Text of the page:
Amid mounting pressure to eliminate bad actors from Facebook, CEO Mark Zuckerberg said Wednesday that the company is likely to release more information about problematic content posted on the service during the election. But to ensure the accuracy of the data, Zuckerberg said, the reports are likely to arrive after the elections are over. The measure could help government officials, academic researchers and concerned citizens understand whether Facebook's increased attention to abuse is working, but the timing could make it difficult to understand what happens when it could be said to be more important.
During a conference call with journalists on Wednesday, Zuckerberg answered questions on a number of topics related to the Cambridge Analytica data privacy scandal and its consequences. Zuckerberg referred to the recent steps that Facebook has taken to protect the integrity of the upcoming elections, including in the United States and Mexico. The Verge asked Zuckerberg how Facebook would evaluate the effectiveness of the changes he made, and how the company would communicate whether they were working both in the run-up to and after those elections.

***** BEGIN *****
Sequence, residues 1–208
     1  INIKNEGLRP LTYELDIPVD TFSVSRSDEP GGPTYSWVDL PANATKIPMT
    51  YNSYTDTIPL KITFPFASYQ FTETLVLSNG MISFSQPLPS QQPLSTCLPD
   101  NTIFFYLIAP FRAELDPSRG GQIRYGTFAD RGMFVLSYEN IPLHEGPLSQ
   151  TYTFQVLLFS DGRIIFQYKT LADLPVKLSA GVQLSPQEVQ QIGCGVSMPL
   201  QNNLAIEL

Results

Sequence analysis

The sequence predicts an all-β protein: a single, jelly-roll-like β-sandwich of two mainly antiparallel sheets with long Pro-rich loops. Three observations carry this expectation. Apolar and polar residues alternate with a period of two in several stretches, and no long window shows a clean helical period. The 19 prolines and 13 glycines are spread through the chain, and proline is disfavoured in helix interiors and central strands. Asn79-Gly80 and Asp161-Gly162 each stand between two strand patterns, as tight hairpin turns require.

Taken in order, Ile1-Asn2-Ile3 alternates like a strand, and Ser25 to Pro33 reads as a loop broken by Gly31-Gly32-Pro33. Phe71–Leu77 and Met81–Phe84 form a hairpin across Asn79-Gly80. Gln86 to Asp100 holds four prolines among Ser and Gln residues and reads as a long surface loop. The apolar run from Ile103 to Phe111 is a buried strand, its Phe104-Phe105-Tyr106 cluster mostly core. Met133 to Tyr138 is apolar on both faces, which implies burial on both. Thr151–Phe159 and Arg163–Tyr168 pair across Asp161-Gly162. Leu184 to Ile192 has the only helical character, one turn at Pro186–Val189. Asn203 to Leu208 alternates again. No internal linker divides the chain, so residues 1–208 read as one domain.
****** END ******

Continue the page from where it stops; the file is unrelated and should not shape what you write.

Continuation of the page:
"One of the great things we are working on now is an effort to be able to share the prevalence of different types of bad content, "said Zuckerberg. Currently, he said, people only know when the bad content is removed if they report it personally or if journalists write about it. In the future, Zuckerberg said, Facebook should share "the prevalence" of different types of bad messages: false news, hate speech, harassment and content related to terrorism, he said.
But Facebook probably would not do that in real time, he said. "The most important thing is to make sure that the numbers we publish are accurate," said Zuckerberg. "We would not do anyone any favors by putting numbers and returning a quarter later and saying, 'Hey, we've messed up this & # 39;'". Done well, these reports "will inform the public debate and generate confidence," he said.
Possibly, public debate would be further enhanced if voters had an idea of how fake news, hate speech and other bad messages formed the narrative during the campaign. But Zuckerberg seemed to resist the idea of reporting in real time. "The internal calculation is much better to take a little more time and make sure we're accurate," he told The Verge . "I think that will be the way we will end up being responsible."
He added that Facebook reports could become a standard followed by other social platforms. "My hope over time is that the playbooks and dashboards that we publish are also followed by other internet platforms," he said. "That way, there could be a standard measure across the industry on how to measure important problems."